Let $X$ be a set and define $F:\mathcal{P}(X)\to\mathcal{P}(X)$ that satisfies the following: $$(1) F(\emptyset)=\emptyset\\ (2)\forall A\subset X:\quad A\subset F(A)\\ (3)\forall A,B\subset X:\quad F(A\cup B)=F(A)\cup F(B)\\ (4)\forall A\subset X:\quad F^2(A) = F(A) $$

Let $\tau:=\{U\subset X: F(X\setminus U)=X\setminus U\}$ be a topology on set $X$ and let $C(A)$ represent the closure of set $A$ with respect to $\tau$.

Show that for every $A\subset X\quad$ $F(A)=C(A)$

Let $A\subset B\subset X$. By (2) we have $A\subset F(B)$, therefore $F(B) = F(A)\cup F(B)$, therefore $$F(A)\subset F(B)\tag{a}$$

Because for every $A\subset X$, $X\setminus C(A)\in\tau$ we have by (a) $$C(A) = F(C(A))\supset F(A) $$

However, I'm stuck on showing $C(A)\subset F(A)$.
Assume for contradiction there exists $x\in C(A)$ such that $x\in X\setminus F(A)$. Because $x$ is an adherent point, for every $U_x\in\tau$ (a $\tau$-open set that contains $x$) we have $U_x\cap A\neq\emptyset$. By (2) $x\in X\setminus A$, so that must mean $x\in C(A)$ is exactly on the frontier (?). How do we proceed from here?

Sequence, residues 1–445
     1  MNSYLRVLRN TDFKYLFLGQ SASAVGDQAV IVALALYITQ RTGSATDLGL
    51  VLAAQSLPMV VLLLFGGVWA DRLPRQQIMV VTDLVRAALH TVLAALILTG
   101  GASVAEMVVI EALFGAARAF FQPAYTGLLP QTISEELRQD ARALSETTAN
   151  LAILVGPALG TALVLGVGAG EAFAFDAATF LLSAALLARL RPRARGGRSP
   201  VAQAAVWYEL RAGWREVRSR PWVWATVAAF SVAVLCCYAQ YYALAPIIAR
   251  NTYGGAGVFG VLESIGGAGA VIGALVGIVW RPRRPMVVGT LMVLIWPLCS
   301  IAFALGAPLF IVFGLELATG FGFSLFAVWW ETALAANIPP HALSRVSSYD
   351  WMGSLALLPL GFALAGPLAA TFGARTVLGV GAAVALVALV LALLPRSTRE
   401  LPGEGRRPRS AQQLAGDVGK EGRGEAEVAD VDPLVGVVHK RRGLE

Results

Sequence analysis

I have also attempted to use the four axioms to obtain a direct proof. For instance, by (2) we would get: $$C(A)\subset C(F(A)) $$ , but this does not imply what we need.


I assume that you've already verified that $\tau$ is a topology. By definition, a set $A\subset X$ is closed in this topology if and only if $F(A)=A.$

Since $F(F(A))=F(A),\ $ $F(A)$ is a closed set; i.e., $C(F(A))=F(A),$ so $C(A)\subset C(F(A))=F(A).$

For the other direction, since $C(A)$ is a closed set, we have $F(C(A))=C(A),$ and $A\subset C(A),$ so $F(A)\subset F(C(A))=C(A).$

  • $\begingroup$ it's so obvious !! I wasn't thinking about the 4th axiom like that at all :< smacks forehead $\endgroup$ – Alvin Lepik Oct 10 '16 at 7:48

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